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What Can You Do if Your Spouse Takes an Extreme Position During Divorce or Family Law Proceedings: An Inspired Approach (Part 1)

Daniel Noffsinger - Wednesday, September 21, 2016

The first known use of the phrase shuttle diplomacy was in 1974. In that year, then U.S. Secretary of State Henry Kissinger was busy traveling back and forth among Middle Eastern nations, in an effort to help the nation states solve their disputes. Unable or unwilling to communicate with each other, the nation states relied on Kissinger to state each side’s position to the other side. Despite his attempts Kissinger, was unable to broker a lasting solution to the problems the nation states had with each other.

In more practical terms in divorce and family law proceedings, the person traveling back and forth is usually a mediator. Sometimes the judge assigned to the case assumes the role of a mediator to help the parties resolve their dispute. The two parties are ex-spouses or ex-partners called a plaintiff and defendant or petitioner and respondent in legal proceedings. They are usually represented by counsel, who does a lot of the talking for the parties, particularly when an agreement is being negotiated. The agreement(s) at issue can include the divorce settlement agreement, custody and parenting time agreement, child support agreement, and maintenance or alimony agreement, to name a few.

During discussions and negotiations of divorce or family law agreements, sometimes one of the spouses or partners takes an extreme position, bringing the whole process to a stop. As the other spouse or partner, it may feel emotionally satisfying to brand your ex a fool, in reality the derailment is costly and oftentimes prolongs the dispute, requiring the services of a judge not a mediator to resolve the dispute.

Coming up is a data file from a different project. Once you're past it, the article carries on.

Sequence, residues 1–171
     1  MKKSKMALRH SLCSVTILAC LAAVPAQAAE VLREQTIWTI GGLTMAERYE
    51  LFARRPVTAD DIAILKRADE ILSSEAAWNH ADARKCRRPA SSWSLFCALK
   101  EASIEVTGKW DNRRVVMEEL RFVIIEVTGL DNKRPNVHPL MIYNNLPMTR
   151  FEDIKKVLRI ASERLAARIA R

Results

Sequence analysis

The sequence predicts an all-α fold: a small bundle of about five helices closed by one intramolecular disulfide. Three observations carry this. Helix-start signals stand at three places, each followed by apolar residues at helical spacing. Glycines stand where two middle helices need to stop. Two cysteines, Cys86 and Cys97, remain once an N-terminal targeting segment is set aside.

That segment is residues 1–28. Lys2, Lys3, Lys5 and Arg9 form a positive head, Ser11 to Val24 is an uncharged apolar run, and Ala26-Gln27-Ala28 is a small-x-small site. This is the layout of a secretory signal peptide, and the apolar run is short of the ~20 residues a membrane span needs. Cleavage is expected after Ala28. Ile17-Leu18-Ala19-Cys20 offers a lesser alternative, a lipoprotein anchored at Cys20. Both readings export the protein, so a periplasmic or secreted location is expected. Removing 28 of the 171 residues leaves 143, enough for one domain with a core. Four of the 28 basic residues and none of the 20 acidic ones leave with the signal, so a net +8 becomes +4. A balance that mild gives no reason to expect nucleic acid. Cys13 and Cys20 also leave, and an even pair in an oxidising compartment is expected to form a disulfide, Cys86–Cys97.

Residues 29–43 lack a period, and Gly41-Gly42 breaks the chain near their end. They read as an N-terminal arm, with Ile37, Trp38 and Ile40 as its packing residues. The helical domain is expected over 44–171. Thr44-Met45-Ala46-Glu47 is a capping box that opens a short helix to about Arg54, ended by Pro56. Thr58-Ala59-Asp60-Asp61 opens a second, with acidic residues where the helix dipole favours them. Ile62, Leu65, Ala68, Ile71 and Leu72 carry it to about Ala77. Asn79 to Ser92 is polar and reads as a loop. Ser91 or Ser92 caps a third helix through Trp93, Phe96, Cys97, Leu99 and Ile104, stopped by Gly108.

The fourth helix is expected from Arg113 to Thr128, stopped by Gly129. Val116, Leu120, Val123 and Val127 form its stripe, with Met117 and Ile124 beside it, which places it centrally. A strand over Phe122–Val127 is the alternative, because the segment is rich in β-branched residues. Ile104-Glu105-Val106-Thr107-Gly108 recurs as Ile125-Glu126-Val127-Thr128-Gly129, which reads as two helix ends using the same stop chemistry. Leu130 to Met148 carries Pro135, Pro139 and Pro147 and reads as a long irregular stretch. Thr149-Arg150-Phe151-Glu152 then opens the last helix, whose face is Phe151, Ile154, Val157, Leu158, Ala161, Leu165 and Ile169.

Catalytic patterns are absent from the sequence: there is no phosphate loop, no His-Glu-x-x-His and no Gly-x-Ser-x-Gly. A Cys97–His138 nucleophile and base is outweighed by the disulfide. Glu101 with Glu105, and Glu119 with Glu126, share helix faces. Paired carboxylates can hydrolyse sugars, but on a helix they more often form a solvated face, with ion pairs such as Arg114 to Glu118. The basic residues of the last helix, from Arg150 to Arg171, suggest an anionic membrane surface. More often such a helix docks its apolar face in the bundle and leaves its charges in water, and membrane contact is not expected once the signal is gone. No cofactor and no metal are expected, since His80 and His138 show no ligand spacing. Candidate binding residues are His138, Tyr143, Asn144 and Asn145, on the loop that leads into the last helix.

So, What Can You Do?

This month’s post (a 2 part series) is inspired by the musings of President Abraham Lincoln. He ponders, “We can complain because rose bushes have thorns, or rejoice because thorn bushes have roses.” The resolution of an impasse during settlement discussions lies in one’s perspective. So in the spirit of cooperation and inspired guidance below are tips to help parties navigate roadblocks to settlements in divorce and family law proceedings. Part One discusses realistic expectations and listening. Part Two explores understanding roadblocks, being creative, and keeping the best interest of children in mind.

Have Realistic Expectations

“I awoke, only to see that the rest of the world is still asleep.” Leonardo da Vinci The Roman Empire did not fall in one day. The lead up to your current impasse may be years in the making. Be honest about the situation, have realistic expectations, and seek to resolve the objections before tackling your expectations.

Look for the next installment of this blog for more strategies and tips on how to deal with an ex during discussions and negotiations of settlements in divorce and family law proceedings.

Get Advice from an Experienced Colorado Springs Divorce and Family Law Attorney

If you are faced with a stated position which is outside the range of reasonable alternatives get advice from an experienced Colorado Springs Divorce and Family Law Lawyer. Contact Noffsinger Law to schedule a free consultation with one of our experienced attorneys.